But if 2020 is an election driven primarily by anger, that might backfire on Democrats. Take the 2016 election. One reason former Sen. Hillary Clinton was less successful in mobilizing Obama’s base was because her focus on Trump’s bigoted comments attracted some who shared her views but did not resonate with nonwhite voters. “The Clinton campaign bet big on the strategy of highlighting the racist and xenophobic undertones of the Trump campaign,” Phoenix writes, “but its ‘basket of deplorables’ messaging appeared to engender more of a rise from Trump supporters falling under this label than people of color feeling targeted. … [It was] a severe miscalculation of the way people of color respond to political threats.”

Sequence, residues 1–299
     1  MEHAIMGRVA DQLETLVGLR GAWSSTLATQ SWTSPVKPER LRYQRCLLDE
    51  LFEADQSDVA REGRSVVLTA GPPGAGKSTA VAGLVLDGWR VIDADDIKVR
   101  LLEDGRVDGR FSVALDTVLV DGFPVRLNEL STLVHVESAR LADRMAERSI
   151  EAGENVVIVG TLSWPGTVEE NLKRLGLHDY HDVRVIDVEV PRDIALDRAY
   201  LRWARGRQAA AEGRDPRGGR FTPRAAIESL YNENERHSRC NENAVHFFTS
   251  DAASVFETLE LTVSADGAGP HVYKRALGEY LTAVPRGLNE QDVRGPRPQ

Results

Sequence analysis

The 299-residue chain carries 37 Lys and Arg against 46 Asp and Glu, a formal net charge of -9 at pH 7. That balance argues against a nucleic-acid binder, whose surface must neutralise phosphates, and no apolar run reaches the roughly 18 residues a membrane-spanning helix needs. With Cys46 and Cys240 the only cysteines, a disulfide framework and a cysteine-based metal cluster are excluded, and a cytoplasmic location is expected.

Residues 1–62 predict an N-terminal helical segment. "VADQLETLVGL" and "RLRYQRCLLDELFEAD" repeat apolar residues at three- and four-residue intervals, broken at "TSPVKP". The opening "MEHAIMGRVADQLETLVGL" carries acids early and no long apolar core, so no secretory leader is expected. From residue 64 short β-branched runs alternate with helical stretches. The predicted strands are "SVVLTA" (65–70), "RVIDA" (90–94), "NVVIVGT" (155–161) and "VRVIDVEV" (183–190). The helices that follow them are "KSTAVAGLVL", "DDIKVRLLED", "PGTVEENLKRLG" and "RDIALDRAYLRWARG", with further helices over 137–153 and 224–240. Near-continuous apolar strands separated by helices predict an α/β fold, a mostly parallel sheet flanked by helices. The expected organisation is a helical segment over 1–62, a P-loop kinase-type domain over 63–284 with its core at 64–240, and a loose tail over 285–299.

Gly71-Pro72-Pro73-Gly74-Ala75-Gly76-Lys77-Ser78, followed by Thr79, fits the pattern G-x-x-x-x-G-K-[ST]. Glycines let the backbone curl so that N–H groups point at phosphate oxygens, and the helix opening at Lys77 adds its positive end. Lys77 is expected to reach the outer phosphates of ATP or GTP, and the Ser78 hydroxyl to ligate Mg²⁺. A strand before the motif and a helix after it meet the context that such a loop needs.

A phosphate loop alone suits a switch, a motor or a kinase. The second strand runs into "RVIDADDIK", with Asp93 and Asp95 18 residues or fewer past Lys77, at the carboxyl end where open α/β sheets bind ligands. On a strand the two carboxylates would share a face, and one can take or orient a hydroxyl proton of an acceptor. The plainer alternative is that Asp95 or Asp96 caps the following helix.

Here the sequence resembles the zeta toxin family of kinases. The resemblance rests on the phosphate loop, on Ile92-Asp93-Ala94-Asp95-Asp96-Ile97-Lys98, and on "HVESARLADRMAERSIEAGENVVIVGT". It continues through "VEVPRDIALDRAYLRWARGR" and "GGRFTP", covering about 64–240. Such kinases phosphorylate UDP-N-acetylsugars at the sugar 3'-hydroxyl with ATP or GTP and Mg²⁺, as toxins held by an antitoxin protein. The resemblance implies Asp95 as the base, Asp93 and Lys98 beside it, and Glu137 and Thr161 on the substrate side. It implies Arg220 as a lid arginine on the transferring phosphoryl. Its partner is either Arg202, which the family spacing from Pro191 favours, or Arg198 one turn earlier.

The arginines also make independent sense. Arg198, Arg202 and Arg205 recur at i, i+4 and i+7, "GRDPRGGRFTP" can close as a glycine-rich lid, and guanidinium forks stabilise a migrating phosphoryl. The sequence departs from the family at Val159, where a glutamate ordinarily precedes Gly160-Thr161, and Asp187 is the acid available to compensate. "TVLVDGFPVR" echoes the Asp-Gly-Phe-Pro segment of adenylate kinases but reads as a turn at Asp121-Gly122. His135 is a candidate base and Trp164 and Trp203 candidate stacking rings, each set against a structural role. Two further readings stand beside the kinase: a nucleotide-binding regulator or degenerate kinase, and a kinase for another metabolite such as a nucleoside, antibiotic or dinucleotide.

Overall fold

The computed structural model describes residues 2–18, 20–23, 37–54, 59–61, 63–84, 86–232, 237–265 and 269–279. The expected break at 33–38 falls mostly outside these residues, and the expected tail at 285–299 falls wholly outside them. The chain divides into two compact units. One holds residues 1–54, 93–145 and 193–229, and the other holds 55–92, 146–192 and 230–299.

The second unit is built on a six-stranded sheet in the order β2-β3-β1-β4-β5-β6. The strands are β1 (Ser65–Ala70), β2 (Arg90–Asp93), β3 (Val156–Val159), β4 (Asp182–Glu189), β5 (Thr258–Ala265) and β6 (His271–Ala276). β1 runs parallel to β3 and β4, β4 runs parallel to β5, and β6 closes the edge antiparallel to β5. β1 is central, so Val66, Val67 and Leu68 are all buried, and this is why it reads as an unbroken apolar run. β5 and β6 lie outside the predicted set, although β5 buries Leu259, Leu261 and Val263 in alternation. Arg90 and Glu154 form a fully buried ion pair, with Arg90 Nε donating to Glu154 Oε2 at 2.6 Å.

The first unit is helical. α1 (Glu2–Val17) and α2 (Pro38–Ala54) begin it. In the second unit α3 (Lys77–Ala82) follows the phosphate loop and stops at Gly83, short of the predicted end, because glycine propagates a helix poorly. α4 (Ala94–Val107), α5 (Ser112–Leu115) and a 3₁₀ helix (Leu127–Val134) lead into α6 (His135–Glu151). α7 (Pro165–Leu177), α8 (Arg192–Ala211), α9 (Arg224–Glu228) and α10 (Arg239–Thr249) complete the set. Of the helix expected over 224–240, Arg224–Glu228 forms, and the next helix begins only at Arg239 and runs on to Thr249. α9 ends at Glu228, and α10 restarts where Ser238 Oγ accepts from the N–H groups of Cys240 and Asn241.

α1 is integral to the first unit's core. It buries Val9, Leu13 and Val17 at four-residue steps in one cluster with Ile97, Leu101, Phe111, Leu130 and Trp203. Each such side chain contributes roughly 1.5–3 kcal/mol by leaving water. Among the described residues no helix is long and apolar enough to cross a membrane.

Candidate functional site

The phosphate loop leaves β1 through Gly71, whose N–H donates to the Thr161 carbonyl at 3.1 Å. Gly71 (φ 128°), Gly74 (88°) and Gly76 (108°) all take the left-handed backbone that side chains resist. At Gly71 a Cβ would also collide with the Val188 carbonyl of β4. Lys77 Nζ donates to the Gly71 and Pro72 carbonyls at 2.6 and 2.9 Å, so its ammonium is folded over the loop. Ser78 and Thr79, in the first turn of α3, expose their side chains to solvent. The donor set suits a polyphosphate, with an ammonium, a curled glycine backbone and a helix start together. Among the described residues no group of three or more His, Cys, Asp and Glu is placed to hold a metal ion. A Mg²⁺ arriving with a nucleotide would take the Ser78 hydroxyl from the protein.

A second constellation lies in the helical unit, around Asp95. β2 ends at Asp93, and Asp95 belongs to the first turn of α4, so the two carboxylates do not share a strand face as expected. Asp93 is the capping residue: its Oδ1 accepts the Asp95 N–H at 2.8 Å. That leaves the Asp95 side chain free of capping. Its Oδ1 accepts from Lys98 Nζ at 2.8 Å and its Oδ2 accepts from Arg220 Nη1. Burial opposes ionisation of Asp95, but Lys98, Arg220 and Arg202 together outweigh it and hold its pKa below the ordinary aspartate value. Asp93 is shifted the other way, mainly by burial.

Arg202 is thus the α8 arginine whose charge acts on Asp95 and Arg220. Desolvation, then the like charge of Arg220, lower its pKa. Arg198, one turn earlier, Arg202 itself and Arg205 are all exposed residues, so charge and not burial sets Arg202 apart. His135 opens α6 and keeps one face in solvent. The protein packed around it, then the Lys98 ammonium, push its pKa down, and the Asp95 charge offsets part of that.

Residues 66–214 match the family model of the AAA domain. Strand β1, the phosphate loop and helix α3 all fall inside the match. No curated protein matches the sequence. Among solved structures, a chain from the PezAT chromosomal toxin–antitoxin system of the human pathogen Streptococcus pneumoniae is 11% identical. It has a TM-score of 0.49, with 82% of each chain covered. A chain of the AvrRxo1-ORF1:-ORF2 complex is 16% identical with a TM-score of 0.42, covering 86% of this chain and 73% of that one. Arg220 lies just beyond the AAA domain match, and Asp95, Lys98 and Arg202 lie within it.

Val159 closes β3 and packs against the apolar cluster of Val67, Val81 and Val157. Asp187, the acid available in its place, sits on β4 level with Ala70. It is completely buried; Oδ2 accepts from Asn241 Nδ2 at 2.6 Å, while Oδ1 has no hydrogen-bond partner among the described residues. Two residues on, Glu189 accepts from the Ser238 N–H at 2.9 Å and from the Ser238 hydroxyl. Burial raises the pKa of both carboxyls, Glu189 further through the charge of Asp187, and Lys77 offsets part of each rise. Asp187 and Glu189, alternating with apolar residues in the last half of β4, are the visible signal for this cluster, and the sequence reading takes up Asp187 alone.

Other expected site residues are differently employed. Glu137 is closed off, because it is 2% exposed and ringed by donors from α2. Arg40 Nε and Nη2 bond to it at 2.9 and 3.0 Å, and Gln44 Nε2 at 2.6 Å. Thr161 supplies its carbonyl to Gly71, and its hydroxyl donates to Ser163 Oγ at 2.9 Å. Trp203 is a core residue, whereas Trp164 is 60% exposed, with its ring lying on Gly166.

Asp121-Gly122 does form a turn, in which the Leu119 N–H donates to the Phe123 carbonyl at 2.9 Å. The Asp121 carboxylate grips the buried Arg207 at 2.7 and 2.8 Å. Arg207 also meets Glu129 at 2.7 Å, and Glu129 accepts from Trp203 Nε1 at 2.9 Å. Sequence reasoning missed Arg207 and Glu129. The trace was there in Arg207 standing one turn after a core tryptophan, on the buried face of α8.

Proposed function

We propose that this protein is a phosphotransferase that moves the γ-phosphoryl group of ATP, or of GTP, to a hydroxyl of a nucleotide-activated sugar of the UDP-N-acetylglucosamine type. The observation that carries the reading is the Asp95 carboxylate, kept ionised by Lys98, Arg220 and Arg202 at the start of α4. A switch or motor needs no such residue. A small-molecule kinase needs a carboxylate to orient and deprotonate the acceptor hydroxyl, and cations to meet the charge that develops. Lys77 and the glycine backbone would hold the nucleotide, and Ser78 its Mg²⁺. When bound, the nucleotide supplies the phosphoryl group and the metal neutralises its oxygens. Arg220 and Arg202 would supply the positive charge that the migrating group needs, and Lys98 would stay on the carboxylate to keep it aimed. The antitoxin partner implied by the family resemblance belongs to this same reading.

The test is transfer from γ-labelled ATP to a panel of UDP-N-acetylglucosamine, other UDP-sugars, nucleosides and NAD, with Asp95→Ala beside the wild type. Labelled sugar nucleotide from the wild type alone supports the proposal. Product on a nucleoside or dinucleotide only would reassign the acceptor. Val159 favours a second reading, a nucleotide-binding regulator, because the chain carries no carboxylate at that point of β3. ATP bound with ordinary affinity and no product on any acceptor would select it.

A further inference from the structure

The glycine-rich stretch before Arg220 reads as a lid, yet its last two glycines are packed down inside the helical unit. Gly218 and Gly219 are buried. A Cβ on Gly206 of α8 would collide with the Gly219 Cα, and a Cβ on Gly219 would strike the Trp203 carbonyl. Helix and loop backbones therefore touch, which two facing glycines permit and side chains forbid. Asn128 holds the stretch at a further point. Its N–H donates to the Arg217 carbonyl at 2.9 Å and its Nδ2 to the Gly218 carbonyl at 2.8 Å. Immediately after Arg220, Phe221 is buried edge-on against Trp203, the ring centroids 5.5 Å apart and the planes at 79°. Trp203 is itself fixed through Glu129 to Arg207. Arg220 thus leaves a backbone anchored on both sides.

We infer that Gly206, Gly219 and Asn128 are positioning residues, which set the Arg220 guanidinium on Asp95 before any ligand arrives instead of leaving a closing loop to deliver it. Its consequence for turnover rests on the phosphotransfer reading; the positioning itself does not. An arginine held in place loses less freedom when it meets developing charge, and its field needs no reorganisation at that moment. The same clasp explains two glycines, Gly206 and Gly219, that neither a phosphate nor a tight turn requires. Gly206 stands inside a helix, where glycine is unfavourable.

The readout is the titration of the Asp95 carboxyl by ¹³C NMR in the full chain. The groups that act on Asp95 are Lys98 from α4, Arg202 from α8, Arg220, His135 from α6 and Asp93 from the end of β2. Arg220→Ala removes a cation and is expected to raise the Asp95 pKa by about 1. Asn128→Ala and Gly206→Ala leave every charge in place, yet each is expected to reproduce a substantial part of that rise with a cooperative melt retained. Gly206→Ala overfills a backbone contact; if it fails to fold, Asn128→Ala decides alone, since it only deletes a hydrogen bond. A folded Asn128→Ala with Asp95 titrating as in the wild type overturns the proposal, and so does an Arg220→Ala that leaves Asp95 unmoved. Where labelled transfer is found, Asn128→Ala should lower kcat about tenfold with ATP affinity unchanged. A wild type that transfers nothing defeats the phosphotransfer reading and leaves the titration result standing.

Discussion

Former Vice President Joe Biden faces enormous pressure to turn out nonwhite voters in 2020, but if 2016 is any indication, liberal policy positions alone won’t be enough. Because like the broader anti-Trump resistance movement, the leftward movement of the Democratic Party has been most pronounced among white voters. Even on issues of race, nonwhite voters are no longer significantly more liberal than white Democrats. And research finds that many African American voters identify as conservative despite their strong collective identification with the Democratic Party.